Memories of Ethiopia

As I write this blog, Ethiopia is engaged in a civil war. By now the world will have heard of Prime Minister Abiy Ahmed, Tigray, Mekelle, Sudan, Asmara and other names in the news. No matter how closely you follow the conflict from afar, you cannot be sure of the facts as they vary from report to report. However, it is without a doubt another tragedy to add to the country’s long history of death on a large scale and displaced persons in large numbers, caught in the crossfire. I am sharing with you some of the happy images of the country I visited. Admittedly, I never really saw the dark side, apart from the stark poverty and the many thousands of people whose lives could be enriched with just a fraction of the money that is poured into the war machine.


We liked to sit outside our apartment in the tukul, a small thatched enclosure. The tortoises were a constant source of amusement as they lumbered around the campus. Word had it that one school principal became so frustrated with their depredations in his vegetable garden that he picked one up and threw it over the wall. One of the guards returned the tortoise and nothing more was said.


Queenslanders know their bananas! While these hands may look overripe, they were rarely soft and brown inside. They were the most delicious bananas I, the connoisseur, have tasted anywhere. Fresh fruit and vegetables were readily available, although as a health precaution they had to be washed carefully in a bleach solution and thoroughly rinsed.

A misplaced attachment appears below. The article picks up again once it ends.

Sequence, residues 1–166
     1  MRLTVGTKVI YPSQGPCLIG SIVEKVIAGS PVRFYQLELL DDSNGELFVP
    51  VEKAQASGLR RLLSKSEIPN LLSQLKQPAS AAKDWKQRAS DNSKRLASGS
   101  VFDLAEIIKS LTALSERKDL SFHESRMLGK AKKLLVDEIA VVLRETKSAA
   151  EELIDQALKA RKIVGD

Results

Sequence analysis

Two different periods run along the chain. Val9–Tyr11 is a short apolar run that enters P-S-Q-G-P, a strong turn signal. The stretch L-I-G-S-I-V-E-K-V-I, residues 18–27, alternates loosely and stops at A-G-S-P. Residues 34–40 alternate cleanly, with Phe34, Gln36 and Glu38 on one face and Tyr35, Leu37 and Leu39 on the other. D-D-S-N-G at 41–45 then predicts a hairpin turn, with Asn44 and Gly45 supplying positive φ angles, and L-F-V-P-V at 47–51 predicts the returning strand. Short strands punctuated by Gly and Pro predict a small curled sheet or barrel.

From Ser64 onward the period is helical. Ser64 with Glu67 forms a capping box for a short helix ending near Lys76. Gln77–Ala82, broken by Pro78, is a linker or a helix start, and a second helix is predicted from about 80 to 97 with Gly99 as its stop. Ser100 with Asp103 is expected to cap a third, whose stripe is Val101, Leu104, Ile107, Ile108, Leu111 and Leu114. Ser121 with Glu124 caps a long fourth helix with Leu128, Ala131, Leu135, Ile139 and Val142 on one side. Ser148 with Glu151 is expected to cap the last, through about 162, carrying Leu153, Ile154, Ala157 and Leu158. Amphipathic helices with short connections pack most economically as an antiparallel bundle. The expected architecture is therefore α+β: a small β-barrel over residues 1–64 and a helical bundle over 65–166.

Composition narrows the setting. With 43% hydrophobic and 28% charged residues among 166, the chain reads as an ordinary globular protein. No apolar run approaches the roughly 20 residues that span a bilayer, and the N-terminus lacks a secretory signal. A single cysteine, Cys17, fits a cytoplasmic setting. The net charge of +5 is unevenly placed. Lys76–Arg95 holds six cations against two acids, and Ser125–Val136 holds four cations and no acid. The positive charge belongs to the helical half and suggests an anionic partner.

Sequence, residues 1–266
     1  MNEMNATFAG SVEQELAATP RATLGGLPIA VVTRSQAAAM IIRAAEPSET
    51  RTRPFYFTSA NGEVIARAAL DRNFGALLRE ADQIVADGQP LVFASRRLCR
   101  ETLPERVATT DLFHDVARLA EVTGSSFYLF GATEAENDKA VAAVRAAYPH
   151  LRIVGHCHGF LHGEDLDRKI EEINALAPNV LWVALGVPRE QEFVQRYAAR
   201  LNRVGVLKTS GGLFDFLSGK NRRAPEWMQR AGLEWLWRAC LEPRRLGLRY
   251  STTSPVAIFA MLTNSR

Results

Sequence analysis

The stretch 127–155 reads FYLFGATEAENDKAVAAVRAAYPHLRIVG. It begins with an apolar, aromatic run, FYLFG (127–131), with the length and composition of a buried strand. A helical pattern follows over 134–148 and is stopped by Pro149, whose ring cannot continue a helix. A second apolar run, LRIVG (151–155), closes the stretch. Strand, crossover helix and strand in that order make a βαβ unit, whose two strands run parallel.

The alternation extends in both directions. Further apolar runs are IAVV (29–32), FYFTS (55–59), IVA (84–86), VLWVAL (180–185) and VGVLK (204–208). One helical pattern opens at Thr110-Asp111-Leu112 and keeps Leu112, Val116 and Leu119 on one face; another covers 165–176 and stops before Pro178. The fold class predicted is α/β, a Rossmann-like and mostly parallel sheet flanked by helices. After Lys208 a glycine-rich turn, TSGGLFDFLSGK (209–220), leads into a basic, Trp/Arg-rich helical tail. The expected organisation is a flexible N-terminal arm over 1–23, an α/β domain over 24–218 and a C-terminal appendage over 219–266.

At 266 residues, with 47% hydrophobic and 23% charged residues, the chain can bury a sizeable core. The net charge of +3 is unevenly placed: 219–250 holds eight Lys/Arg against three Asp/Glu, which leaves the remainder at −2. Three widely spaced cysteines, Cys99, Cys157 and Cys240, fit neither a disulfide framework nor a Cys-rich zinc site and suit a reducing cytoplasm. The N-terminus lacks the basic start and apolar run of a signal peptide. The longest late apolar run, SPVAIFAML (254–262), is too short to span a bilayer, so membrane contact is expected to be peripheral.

Young people are the same the world over, keen to be active, competent in sport, mentored by older people. Our son has always been a mad keen skateboarder. In the picture below he shows the local lads how it’s done. They were fast learners!


Happy Christmas to everyone. My next blog will introduce you to the subject of my book, Feyisa Lilesa. He comes from a beautiful part of the world: Jeldu in Oromia, Ethiopia:

2 thoughts on “Memories of Ethiopia”

  1. Thank you for sharing what looks like a really fascinating part of the world to live in. When you write, and choose the pictures you do, I feel as if I’m really there! ( I’d like to visit all the countries in the world. To date, I think I’ve managed about 7, some only in a stopover for a few hours and one, France, for a year.

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